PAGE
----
Diet myths busted: Eating little and often helps burn fat

April 24, 2013 - Nutrition

dietmyth3There are countless articles and blogs that claim to have the facts about our diet, but how do you know which statements are true and which are false? In this series of blogs, we’re exploring those diet myths to see if there’s any truth behind them.

Myth: Eat often – every two to three hours. When you eat, you stimulate your metabolism and burn more fat.

The truth: This is one diet myth that crops up time and again – not only in the media but it’s advocated by fitness experts, too. Again, this myth is perpetuated by the notion that each time you eat, your metabolism speeds up, thus you burn more calories. So, if you eat a little amount every few hours, rather than three larger meals a day, you burn more.

However, the thermogenetic effect of the food or drink is directly proportional to the calories you’ve just consumed. So, say you ate a diet of 2,400 kcal in one day, eating six small meals of 400 kcal or three big meals of 800kcal, assuming the same macronutrient composition, the thermogenetic effect will be exactly the same at the end of the day.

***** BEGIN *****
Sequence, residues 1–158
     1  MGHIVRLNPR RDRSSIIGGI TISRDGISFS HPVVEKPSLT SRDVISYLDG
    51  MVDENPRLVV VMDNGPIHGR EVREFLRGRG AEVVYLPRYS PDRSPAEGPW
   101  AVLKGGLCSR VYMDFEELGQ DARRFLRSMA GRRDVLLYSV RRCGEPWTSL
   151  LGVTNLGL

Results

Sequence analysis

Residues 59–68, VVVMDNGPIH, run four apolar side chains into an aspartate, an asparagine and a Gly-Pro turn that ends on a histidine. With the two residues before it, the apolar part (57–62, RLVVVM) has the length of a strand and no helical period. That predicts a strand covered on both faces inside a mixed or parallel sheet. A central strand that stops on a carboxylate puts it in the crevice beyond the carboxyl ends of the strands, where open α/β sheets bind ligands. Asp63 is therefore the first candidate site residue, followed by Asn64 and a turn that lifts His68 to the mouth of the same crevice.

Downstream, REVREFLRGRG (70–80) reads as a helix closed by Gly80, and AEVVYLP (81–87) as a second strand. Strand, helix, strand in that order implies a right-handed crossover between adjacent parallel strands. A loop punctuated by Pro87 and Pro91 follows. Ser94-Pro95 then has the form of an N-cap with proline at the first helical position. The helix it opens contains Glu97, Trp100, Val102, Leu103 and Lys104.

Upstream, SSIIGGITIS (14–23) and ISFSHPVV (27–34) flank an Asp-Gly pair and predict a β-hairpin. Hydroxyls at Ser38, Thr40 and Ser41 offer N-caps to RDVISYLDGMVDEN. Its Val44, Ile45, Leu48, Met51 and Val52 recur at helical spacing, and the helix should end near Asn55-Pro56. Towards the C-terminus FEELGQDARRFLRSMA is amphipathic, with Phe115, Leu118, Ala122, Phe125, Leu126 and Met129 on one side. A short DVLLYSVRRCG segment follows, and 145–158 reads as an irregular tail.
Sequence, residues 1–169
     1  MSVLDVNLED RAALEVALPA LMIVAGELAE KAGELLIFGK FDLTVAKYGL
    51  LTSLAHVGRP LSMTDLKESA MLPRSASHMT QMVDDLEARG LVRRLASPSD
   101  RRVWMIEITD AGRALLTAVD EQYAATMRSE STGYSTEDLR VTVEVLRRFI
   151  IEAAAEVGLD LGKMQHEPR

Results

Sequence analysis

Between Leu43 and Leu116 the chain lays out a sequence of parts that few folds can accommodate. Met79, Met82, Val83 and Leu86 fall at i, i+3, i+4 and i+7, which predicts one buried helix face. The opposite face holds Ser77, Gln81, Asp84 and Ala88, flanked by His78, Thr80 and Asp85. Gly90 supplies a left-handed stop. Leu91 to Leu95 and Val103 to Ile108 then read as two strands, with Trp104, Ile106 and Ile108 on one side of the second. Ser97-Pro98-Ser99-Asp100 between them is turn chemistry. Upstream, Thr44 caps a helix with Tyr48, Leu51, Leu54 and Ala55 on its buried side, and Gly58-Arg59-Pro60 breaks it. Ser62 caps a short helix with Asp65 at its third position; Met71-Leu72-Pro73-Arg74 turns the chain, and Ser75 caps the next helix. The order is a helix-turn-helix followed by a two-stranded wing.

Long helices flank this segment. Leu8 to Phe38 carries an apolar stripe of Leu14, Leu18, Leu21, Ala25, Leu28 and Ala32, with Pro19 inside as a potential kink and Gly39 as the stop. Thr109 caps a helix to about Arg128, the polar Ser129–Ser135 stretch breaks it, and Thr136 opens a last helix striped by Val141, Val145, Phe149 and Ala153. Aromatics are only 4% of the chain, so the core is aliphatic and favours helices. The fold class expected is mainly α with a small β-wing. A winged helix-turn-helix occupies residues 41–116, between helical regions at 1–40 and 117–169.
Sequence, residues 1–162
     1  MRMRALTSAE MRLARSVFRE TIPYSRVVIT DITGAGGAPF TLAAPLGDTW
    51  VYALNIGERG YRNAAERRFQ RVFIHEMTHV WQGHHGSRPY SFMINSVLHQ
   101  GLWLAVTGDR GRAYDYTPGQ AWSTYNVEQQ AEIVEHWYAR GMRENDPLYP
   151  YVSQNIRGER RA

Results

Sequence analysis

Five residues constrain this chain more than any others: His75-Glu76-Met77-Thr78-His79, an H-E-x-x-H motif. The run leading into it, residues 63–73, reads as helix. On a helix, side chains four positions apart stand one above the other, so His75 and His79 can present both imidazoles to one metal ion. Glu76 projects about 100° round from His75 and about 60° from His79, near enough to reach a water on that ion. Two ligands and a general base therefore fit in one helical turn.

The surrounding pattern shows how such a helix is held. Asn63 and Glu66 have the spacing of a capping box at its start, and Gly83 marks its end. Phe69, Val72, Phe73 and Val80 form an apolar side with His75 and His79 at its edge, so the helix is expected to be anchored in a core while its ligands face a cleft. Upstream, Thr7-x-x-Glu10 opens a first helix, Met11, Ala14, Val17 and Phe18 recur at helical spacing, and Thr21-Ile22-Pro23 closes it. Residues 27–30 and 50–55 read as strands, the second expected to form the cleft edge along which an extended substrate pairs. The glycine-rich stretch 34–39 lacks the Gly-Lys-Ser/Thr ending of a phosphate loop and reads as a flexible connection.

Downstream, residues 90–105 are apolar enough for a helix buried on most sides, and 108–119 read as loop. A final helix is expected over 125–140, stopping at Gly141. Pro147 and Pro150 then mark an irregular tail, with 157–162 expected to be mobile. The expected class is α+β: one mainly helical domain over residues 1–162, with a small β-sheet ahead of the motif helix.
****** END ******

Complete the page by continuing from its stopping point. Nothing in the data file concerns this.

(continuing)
Similarly, how you split your meals in a day has no impact on the amount of fat oxidised at the end of the day. If you eat six small meals, you will store and burn less fat between meals compared with three meals a day, where you’ll store and burn more fat. The net effect will be the same on either meal pattern. The confusion comes about because even though you do store more fat eating three meals a day, people overlook the fact that you actually burn more fat, too.